[00:28:59] >> James Jacobson: Things are changing and you are part of the change, been doing it for 30 years. Thank you so much, Mitsie Vargas. I appreciate you being with us today.
[00:29:08] >> Dr. Mitsie Vargas: Thank you for having me.
[00:29:10] >> James Jacobson: And I want to thank you for joining us today and hitting that play button. Here on Dog Cancer Answers, we talk to all types of veterinarians around the world who are treating dog cancer, from the latest cutting edge radiation therapy to alternative therapies, as they’re described, Chinese medicine, and some of these are obviously thousands of years old. We want to give you as many opportunities to understand the full spectrum of things that are available so that you can customize the right treatment plan for your dog.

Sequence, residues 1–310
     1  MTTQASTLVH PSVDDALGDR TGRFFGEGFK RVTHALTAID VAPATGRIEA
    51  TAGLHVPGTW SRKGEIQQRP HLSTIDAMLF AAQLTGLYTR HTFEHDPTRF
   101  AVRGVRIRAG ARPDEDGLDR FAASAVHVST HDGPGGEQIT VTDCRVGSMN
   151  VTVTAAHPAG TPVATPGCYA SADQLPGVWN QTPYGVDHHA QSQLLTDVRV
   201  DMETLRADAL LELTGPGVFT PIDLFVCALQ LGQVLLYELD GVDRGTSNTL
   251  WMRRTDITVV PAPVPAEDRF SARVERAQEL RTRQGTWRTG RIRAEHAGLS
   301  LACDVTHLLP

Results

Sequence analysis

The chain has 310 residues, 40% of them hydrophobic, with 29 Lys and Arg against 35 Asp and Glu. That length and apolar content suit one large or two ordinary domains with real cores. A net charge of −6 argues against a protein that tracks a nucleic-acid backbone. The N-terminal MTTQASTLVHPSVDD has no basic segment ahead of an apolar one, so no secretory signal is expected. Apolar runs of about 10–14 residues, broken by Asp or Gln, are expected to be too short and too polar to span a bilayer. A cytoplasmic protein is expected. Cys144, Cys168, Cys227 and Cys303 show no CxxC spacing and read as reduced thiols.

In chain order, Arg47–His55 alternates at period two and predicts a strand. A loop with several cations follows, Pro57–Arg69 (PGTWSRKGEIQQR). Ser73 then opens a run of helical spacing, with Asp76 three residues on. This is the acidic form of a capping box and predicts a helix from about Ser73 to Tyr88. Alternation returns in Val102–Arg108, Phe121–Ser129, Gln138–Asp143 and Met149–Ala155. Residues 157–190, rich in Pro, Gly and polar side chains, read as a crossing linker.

I’m James Jacobson. From all of us here at Dog Podcast Network, I want to wish you and your dog a very warm, Aloha.